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A View From Over The Edge
Posted By Jason Berek-Lewis on 03.30.2005

Paul Keating, a man who would go on to become Australia's 24th Prime Minister, once infamously described the country as being "the arse end of the world".

The tyranny of distance has plagued this young nation for years, and it's greatest impact is on fans of comic book culture!

The Ledger Awards: Profile of Mark Selan

Jason: Welcome to A View From Over The Edge. Firstly, just to give our readers a bit of background before they plunge into the world of Aussie award winners, tell us about yourself and your background. How did you find yourself working in the world of comics?

Mark: I'm Mark Selan and I think I came to where I am by way of following a link from Rich Johnston's column to Ozcomics. Upon discovering Australian comics, I was mesmerized by the fresh and inventive voice of the local product.

I became a fanboy for them and now I stick my nose wherever I can.

Jason: What are some of the comics projects that you have worked on? What was your role in those projects?

Mark: I organised the second and third Ozcomic 24 Hour Comic Challenge (putting together promotional material, prizes, coming up with rules, etc) and I co-edited the first two issues of the Ozcomic Magazine with Darren Close and completely edited numbers 3,4,5 and 6.

That just involves bugging people for articles and interviews, getting it printed and distributing the magazine to various shops around the country.

Actual creative stuff, not much. I did a gag strip with Nathan Soehardi and I've got a couple of other stories with artists at the moment.

Jason: As an Australian creator, someone Over The Edge, what are some of the challenges that you face in terms of creating comics?

Mark: Since I'm not a creator I can only give the viewpoint of a reader; and the challenges are not being able to easily buy local books, not being taken seriously on how good some of the local product is, coupled with the understandable infrequent release of said local product.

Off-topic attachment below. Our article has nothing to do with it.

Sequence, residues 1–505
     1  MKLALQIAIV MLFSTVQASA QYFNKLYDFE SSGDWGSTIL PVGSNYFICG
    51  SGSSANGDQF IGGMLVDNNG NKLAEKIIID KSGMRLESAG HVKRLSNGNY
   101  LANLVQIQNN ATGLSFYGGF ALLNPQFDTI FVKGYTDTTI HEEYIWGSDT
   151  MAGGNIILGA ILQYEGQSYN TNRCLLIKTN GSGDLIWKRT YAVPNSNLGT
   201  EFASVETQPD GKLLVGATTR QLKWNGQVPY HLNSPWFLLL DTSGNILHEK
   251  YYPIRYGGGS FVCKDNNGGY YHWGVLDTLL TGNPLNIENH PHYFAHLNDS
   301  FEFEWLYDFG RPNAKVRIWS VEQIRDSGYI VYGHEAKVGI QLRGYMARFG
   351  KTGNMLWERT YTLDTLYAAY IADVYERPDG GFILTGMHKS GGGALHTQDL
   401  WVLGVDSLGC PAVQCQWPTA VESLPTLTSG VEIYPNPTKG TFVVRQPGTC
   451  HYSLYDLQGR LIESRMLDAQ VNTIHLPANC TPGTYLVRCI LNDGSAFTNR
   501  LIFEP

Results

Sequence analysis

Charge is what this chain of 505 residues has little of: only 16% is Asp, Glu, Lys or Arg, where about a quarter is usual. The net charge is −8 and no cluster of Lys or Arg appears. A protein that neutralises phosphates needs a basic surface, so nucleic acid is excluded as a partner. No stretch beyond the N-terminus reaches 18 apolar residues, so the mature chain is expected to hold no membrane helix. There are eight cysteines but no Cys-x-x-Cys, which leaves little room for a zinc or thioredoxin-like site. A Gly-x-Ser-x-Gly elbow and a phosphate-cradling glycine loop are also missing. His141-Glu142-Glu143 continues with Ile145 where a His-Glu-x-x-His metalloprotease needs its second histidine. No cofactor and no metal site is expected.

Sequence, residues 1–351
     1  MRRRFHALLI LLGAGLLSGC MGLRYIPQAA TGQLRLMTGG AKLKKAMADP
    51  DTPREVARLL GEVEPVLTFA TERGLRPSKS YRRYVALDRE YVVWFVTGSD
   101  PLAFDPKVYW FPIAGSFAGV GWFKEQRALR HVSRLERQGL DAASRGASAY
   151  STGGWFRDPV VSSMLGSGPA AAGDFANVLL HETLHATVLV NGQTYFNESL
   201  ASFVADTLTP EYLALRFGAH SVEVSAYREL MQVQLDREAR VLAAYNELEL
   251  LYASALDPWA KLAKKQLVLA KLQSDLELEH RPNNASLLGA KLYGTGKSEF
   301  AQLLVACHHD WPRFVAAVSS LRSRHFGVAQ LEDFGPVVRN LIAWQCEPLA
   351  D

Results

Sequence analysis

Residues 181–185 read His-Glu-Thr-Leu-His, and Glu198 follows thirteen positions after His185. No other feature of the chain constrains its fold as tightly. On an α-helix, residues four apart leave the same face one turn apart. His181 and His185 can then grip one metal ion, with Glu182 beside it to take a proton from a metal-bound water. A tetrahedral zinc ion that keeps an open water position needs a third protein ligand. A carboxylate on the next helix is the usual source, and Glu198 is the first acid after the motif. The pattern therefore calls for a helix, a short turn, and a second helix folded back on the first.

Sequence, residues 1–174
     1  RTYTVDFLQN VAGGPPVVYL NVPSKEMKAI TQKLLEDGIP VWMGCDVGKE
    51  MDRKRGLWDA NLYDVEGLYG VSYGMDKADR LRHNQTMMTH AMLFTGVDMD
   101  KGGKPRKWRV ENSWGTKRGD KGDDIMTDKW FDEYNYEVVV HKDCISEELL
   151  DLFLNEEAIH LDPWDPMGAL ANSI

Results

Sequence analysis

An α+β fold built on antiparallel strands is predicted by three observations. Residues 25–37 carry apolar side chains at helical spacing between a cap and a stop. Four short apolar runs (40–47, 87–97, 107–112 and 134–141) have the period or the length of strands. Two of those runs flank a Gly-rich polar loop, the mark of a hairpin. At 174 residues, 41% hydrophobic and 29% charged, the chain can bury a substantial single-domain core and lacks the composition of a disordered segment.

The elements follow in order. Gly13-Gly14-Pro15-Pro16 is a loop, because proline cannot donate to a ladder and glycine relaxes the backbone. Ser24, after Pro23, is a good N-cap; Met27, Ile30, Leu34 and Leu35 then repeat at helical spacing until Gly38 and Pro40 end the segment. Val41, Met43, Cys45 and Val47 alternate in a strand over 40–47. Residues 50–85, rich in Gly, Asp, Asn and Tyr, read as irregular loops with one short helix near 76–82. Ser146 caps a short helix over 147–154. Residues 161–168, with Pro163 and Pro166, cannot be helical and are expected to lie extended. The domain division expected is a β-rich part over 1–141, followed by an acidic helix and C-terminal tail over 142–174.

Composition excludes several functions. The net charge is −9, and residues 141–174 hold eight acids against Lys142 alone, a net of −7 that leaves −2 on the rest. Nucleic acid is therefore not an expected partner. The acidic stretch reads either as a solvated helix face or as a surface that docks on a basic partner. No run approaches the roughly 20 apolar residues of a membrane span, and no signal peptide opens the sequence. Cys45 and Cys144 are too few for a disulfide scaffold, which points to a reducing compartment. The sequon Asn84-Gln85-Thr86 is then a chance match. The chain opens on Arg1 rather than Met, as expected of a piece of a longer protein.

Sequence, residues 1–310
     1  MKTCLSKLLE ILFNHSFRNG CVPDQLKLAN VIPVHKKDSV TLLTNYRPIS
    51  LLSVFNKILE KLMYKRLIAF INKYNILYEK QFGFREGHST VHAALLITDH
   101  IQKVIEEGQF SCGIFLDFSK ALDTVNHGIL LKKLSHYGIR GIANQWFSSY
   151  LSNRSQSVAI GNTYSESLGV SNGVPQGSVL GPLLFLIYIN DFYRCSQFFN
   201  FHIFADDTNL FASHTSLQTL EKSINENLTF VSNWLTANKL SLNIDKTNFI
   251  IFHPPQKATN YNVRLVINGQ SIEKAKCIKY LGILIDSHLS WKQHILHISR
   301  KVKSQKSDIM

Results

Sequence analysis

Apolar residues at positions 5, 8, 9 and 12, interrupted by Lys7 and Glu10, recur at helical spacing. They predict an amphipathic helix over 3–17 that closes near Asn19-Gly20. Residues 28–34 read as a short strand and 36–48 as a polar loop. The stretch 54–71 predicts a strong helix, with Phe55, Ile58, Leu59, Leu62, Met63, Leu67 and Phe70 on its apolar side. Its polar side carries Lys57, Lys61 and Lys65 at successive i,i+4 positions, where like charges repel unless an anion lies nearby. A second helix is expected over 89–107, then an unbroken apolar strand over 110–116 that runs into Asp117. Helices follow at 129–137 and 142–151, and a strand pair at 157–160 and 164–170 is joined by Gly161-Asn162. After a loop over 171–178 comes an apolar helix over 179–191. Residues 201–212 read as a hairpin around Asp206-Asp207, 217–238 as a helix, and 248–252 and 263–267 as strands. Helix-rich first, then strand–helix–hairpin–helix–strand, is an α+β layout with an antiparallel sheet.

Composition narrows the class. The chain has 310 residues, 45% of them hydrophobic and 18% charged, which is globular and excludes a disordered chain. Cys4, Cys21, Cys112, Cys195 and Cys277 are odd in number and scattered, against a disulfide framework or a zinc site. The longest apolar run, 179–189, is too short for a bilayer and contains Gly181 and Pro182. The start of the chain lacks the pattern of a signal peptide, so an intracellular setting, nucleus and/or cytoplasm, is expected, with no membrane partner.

Jason: What is your view of the "health" of the Australian comic creating community?

Mark: Creative wise, it's really healthy, there are many wonderful innovative creators doing some solid books.

I haven't been around the scene for that long, but the diversity of product is extremely good from the psychedelic Bloom, to the slice of life stuff by Mandy Ord, Laugh out loud "You Stink and I don't", to the action packed Crab Allan.

Every year more and more artists and writers are working for the international publishers, probably more so than ever before. So it's fighting fit.

But there's a lot of fighting involved. It's a struggle to get out there and be seen or sold. Very few shops make an effort to source and sell local product and very few comic readers respect the local stuff in the first place.

Making comics it seems is the easy part, selling them is the hard part.

Jason: What does it mean to you to be recognised by the Ledger Awards in their inaugural year?

Mark: It means quite a bit, it means that the little dog and pony shows I put together are appreciated, that someone enjoys what I've done and hopefully has gotten something out of it.

It's a buzz that the 24-hour challenge has provided a creator with a new audience or found a group of like minded individuals to hang out with.

It's a buzz that someone has picked up the mag (Oz Comics) and either learnt something from it or have been inspired by it.

Jason: Could you tell me about the award/s that you won, the project/s recognised by your win and your role in that/ those projects?

Mark: I won the "Best Person Award", and I don't really know what it means.

Nothing was specifically mentioned on what I did, but I take it that it was in recognition of keeping the ozcomics messageboard afloat, putting together the ozcomics magazine, organising the 24 hour challenge and helping people out with creating their comics.

Jason: Do you think the Ledger Awards will help to boost the profile of Australian comics and their creators overseas?

Mark: I hope so. The whole point of any award is to raise the profile of the winners and other nominees and recognise excellence. For a creator submitting to a company or looking for a collaborator, having "Ledger Award winner" on your resume can't hurt. I think it adds a bit of credibility to the nation's 'industry' and also to the winners.

Jason: Where can we find out more about you and your work? Do you have a website?

Mark: With the demise of Ozcomics, I'm working on a new website but at the moment I can be found on my blog, http://saveded.blogspot.com/ and at various forums, www.pulpfaction.net mostly.

Jason: Thanks Mark! That wraps another Ledger Awards interview!

Next time in A VIEW FROM OVER THE EDGE, more Ledger Awards goodness! Until then ...


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